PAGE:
Eliza and Her Monsters
“an original and charming story. . . . dramatic, emotional, and ultimately satisfying.”
“I go to school during the day, and at night I cast off my secret identity to become LadyConstellation, creator of one of the internet’s most popular webcomics, Monstrous Sea, and fearless mother of a fandom.”
Eliza and her Monsters is the charming, quirky story of Eliza Mirk, the anonymous creator of the wildly popular Monstrous Sea. Only six people know Eliza created the webcomic, specifically her parents, her younger brothers, and two online friends who help her run the website and fan forums, and she’s content to keep it that way. By day she’s a self-described weird kid that everyone ignores at school, and by night she’s a brilliant artist with a profound commitment to her fans.
This is an instantly appealing premise, one that feels fresh and exciting, and it delivers on its promises. Zappia delves into Eliza’s artistic life with loving detail, deftly capturing not just the beauty and brilliance of her creative process but also the ease with which passion slips into obsession, the depression that can lead to a complete loss of creativity, and the realities a devoted and demanding fanbase.
Fandom is explored in all its wonderful and sometimes ugly glory, and the premise also lends itself nicely to the inclusion of diverse and charming supporting characters.
Eliza’s struggle to balance her two very separate lives is believable and intensely relatable, especially as she battles the expectations of the people around her; of particular note is her parents’ belief that Monstrous Sea is little more than a hobby, completely unaware of its success, and Eliza’s struggle against their frequent attempts to get her to do something more worthwhile with her time is a conflict most readers will understand.
It is worth noting, however, that this is one example of a recurring theme in the novel that does occasionally make this story frustrating. Many of the novel’s conflicts could be avoided entirely if Eliza was more honest: with her skeptical but ultimately loving family, with the new friends she makes, with the boy she comes to love. Her choice over and over to keep the truth from them and sometimes to simply refuse to communicate at all is one that leads to almost all of the problems she encounters, and it is difficult sometimes to sympathize with that.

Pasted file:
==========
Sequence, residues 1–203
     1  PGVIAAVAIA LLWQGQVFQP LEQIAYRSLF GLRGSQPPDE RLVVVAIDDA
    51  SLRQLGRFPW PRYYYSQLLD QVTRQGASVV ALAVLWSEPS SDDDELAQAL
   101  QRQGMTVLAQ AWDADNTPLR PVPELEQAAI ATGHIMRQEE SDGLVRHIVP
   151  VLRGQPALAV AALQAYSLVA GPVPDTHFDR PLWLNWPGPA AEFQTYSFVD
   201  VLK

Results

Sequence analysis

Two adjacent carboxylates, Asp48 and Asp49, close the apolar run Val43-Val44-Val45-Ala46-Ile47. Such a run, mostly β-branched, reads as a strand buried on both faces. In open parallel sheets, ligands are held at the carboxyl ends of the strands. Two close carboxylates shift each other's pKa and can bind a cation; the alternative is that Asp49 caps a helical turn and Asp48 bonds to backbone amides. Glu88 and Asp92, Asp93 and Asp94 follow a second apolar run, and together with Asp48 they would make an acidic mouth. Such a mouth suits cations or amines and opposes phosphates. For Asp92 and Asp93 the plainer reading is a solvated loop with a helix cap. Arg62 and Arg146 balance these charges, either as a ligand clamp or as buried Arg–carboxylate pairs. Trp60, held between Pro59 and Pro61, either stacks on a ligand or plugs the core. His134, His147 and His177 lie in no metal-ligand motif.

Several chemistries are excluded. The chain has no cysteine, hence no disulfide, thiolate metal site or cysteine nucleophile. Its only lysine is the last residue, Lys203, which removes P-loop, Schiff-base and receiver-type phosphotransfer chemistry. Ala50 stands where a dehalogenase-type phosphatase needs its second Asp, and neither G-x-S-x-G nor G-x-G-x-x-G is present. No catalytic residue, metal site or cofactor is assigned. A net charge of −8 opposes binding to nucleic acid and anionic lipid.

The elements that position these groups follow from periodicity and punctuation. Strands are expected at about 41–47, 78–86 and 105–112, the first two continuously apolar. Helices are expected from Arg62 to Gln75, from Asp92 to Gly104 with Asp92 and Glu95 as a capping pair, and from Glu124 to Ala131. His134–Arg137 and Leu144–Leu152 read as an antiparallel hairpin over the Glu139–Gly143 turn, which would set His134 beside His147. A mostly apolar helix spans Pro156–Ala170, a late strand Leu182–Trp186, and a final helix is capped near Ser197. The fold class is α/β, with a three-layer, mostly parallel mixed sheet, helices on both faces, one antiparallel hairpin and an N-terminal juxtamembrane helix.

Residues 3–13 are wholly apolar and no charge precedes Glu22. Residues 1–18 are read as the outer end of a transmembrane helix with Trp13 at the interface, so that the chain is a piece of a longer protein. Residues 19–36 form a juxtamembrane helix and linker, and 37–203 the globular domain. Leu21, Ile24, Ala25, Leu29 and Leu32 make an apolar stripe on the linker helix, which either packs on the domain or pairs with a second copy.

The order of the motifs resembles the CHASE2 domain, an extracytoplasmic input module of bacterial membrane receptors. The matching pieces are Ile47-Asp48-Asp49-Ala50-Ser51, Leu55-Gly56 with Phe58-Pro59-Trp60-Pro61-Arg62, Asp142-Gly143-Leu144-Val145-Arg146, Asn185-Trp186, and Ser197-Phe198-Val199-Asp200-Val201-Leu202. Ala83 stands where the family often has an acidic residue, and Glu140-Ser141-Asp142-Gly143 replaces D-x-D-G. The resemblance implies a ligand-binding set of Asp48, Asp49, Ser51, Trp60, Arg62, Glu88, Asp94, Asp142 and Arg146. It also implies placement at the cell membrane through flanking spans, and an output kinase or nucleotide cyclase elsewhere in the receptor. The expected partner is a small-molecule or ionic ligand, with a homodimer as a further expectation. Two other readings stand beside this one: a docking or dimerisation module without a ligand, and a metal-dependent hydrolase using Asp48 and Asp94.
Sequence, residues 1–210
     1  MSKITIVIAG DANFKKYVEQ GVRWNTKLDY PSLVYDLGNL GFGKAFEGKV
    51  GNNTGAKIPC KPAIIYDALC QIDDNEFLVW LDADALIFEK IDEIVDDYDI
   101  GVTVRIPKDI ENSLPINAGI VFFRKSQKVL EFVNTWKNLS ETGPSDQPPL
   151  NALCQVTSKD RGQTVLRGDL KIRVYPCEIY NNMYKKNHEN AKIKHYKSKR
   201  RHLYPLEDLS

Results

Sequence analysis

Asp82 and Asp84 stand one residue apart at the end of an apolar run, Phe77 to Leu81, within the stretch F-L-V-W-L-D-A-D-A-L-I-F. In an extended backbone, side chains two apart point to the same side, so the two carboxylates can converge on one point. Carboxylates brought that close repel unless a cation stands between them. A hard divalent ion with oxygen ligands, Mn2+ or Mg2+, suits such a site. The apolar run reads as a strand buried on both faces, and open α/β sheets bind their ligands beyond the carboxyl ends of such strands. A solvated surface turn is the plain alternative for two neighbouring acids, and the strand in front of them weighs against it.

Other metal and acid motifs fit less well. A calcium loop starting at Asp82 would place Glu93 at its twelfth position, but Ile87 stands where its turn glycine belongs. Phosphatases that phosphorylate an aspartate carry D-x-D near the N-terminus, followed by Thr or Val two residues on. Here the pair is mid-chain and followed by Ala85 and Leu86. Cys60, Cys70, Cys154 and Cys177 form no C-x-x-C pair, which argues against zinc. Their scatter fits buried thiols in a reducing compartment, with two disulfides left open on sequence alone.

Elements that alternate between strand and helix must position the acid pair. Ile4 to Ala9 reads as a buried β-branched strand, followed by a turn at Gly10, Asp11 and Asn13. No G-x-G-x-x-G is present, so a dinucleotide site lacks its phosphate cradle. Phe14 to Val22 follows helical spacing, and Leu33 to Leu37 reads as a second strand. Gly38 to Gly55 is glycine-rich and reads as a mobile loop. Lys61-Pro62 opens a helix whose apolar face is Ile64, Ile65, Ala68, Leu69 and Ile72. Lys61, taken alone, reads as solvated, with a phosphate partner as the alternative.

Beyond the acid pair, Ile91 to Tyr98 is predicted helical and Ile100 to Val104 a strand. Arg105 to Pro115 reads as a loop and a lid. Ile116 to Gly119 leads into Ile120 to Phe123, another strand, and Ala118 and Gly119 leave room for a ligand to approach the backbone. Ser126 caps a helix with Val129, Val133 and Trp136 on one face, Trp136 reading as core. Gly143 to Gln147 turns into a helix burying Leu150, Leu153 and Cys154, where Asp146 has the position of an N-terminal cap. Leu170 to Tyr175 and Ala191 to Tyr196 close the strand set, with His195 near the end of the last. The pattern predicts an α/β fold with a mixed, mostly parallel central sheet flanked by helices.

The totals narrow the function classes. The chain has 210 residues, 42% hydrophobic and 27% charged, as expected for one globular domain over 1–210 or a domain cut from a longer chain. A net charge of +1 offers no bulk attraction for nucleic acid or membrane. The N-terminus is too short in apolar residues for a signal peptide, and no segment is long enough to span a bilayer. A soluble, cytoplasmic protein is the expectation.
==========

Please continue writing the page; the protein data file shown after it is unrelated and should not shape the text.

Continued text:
The crux of the story is the arrival at Eliza’s school of a boy who turns out to be a huge fan of Monstrous Sea and the forum’s most popular fan fiction writer. Wallace is a football player and talented writer with a painful past, a passion for his work, and an endearing desire to break past Eliza’s walls.
Eliza chooses to maintain her anonymity and presents herself to him as just another fan, which leads to him sharing with her his attempts to transcribe her webcomic into novel form. This is the shaky foundation upon which their relationship is built, and it’s inevitable from the start that Eliza’s secret threatens everything they have.
As the novel progresses, there are a few plot points that strike a jarring note. Wallace is offered a book deal for his transcription of Monstrous Sea, and he is subsequently furious when Eliza tells him she can’t finish the webcomic because his book deal is contingent on him being able to write the correct ending. This is an incredibly entitled way to behave given that this is ultimately her story and he has no real claim to it whatsoever, but the novel never actually addresses this or questions the fact that Wallace expects to profit financially from Eliza’s work, and this doesn’t fit seamlessly into a story that otherwise treats creativity and art with such love and respect.
On the whole, however, this is an original and charming story that readers will be able to see themselves in. The artwork and excerpts from Monstrous Sea scattered throughout the novel are a wonderful touch, and the climax and resolution of the story are dramatic, emotional, and ultimately satisfying.